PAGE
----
How can a city have an overall rank that is lower or higher than its rank for the two age-specific sub-scores?

The overall score is generated independently of the two age-range sub-scores (65-79 and 80+). The score uses a slightly different weighting of the nine indicator categories to better reflect the overall needs of older adults. A chart of the weights can be found in the methodology section.
See Methodology

How current is the data you used?

To ensure the validity of this study, we used pre-existing data sets with sound methodological practices. In every case, the data we used was the most up-to-date available at the time of compilation.

What is the size difference between a small city and a large city in this study? How did you determine this criterion?

Cities (these are actually metro areas defined by the federal Office of Management and Budget, which derives its population estimates using Census Bureau data) were ranked by population. The 100 largest cities were broken into one subgroup and the remaining 281 into another. This allowed for appropriate data comparisons among cities with smaller populations, using a slightly different data set. Not all the data available for New York City was available for Fargo, as an example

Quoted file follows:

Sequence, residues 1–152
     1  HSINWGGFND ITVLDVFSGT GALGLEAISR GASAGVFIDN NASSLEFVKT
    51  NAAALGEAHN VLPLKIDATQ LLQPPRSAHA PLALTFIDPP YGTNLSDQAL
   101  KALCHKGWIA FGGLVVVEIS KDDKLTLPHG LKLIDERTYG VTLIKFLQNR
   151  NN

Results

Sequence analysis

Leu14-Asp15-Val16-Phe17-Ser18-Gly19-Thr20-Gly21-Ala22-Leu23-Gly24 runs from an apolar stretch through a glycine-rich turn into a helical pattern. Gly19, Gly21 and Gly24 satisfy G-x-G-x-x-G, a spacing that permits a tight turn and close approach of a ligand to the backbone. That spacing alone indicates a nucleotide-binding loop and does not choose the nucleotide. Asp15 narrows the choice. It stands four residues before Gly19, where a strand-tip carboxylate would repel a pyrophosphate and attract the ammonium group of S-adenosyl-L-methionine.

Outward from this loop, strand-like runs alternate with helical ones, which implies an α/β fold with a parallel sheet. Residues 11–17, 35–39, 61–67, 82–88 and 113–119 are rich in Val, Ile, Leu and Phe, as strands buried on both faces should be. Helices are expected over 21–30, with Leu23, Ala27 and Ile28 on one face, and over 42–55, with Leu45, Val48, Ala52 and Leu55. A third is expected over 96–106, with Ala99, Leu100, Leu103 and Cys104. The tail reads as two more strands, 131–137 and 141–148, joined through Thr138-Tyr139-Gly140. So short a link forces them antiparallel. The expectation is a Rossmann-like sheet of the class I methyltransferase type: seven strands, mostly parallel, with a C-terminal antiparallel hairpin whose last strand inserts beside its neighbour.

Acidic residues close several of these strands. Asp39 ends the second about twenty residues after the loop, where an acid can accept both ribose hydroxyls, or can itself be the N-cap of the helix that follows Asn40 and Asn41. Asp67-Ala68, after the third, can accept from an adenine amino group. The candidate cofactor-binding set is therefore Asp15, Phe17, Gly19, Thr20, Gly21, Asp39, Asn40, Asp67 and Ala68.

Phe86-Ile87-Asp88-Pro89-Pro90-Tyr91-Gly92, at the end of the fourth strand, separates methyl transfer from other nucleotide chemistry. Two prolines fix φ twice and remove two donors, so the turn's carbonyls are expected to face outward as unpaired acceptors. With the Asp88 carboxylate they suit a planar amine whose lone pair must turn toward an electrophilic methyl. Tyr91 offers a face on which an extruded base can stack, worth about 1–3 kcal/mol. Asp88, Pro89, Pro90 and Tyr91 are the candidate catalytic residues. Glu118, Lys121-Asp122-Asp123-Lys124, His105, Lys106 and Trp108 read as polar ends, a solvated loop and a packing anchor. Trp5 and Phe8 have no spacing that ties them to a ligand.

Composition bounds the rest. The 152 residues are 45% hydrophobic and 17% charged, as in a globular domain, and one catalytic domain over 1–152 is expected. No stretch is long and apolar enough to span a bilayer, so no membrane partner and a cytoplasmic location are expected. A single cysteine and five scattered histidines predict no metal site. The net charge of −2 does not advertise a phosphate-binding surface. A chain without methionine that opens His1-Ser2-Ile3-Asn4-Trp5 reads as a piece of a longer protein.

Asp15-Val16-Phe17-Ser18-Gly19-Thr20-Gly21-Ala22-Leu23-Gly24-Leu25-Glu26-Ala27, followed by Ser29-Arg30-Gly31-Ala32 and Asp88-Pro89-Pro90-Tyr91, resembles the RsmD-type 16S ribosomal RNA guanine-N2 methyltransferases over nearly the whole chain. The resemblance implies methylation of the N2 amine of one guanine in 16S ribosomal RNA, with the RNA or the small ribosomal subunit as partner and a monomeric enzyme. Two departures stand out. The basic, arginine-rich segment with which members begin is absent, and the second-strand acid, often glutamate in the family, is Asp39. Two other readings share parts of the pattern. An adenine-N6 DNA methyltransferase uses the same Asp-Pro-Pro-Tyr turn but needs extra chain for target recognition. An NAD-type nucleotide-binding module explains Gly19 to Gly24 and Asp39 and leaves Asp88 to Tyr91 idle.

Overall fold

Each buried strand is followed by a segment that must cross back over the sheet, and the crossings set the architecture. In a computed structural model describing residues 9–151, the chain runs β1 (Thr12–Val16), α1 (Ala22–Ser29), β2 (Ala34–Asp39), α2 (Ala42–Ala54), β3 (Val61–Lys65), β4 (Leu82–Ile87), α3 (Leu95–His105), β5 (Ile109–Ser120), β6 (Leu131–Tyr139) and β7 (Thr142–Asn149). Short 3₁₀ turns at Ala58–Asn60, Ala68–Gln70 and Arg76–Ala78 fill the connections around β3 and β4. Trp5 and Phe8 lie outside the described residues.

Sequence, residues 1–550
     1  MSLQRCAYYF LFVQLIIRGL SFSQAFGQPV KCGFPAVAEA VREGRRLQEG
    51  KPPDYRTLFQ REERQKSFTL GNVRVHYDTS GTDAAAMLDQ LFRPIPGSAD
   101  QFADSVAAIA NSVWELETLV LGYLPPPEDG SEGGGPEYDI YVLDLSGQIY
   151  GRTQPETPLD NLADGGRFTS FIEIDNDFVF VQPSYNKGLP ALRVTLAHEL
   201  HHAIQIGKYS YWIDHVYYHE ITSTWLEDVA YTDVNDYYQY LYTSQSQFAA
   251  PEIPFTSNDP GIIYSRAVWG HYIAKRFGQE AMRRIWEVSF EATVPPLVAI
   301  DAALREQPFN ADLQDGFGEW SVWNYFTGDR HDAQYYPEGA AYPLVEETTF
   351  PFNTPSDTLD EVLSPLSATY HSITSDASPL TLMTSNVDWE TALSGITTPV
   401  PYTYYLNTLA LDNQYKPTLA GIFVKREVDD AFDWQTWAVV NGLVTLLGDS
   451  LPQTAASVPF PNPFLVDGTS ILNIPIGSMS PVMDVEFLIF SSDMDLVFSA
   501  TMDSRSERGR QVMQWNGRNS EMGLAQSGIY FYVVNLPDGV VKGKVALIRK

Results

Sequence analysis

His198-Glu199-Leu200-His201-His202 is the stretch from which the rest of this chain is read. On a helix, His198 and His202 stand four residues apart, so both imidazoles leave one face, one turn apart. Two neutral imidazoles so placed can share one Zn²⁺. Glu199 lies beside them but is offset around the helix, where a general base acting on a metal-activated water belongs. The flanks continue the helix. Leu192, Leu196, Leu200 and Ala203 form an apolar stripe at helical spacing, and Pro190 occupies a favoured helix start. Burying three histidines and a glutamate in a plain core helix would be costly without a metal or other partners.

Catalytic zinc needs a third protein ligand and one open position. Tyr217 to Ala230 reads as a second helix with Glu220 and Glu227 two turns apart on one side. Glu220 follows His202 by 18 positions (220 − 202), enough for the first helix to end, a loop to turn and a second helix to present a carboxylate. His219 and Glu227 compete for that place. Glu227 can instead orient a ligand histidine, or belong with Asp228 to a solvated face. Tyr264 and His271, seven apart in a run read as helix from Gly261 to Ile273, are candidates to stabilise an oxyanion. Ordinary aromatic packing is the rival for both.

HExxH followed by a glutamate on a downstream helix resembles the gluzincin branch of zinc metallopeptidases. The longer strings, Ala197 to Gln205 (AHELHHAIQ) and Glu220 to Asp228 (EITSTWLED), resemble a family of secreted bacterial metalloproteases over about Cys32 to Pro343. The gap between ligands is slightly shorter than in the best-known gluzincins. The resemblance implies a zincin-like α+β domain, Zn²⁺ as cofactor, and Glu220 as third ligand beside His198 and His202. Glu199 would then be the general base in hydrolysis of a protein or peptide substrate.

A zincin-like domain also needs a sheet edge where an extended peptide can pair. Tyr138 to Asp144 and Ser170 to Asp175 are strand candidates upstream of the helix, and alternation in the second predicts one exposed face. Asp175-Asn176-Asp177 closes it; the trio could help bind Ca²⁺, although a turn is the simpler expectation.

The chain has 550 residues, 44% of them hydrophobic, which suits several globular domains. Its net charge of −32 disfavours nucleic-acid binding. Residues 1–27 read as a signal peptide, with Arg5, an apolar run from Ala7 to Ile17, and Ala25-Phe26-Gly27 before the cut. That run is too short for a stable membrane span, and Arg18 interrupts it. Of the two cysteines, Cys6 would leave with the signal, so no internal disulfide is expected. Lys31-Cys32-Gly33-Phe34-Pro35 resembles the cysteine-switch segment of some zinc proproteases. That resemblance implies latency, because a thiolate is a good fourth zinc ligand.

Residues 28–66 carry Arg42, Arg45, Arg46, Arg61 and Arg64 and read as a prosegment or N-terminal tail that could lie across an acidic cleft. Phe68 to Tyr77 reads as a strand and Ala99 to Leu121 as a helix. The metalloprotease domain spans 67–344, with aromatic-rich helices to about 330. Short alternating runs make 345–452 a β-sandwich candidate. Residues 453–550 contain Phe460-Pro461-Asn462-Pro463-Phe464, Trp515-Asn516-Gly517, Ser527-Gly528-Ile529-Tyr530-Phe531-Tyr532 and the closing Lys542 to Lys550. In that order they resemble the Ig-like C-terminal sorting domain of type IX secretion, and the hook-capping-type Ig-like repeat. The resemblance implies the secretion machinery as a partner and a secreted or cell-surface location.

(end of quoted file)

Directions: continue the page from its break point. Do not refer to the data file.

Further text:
Can we compare these rankings with the 2012 and 2014 publications?

We do not advise a comparison of this year's rankings with the 2012 or 2014 publications. First, the metro area definitions have changed since the earlier publications. This year, we analyzed employment and education separately (they were combined in 2014); we have new indicators to measure technology use (Internet access among older adults), walkability and neighborhood convenience (WalkScore®) and health-care delivery (nurse practitioner and physicians' assistant numbers). Above all, we adjusted weights for the indicators to be more reflective of this year's data.

Our research team found the Programs With Purpose and Initiatives for Innovation while producing the index. The lists are by no means exhaustive but rather demonstrate some of the qualitative attributes we found but could not compare across cities. We hope these programs, along with the study, will spark a larger discussion and new ideas.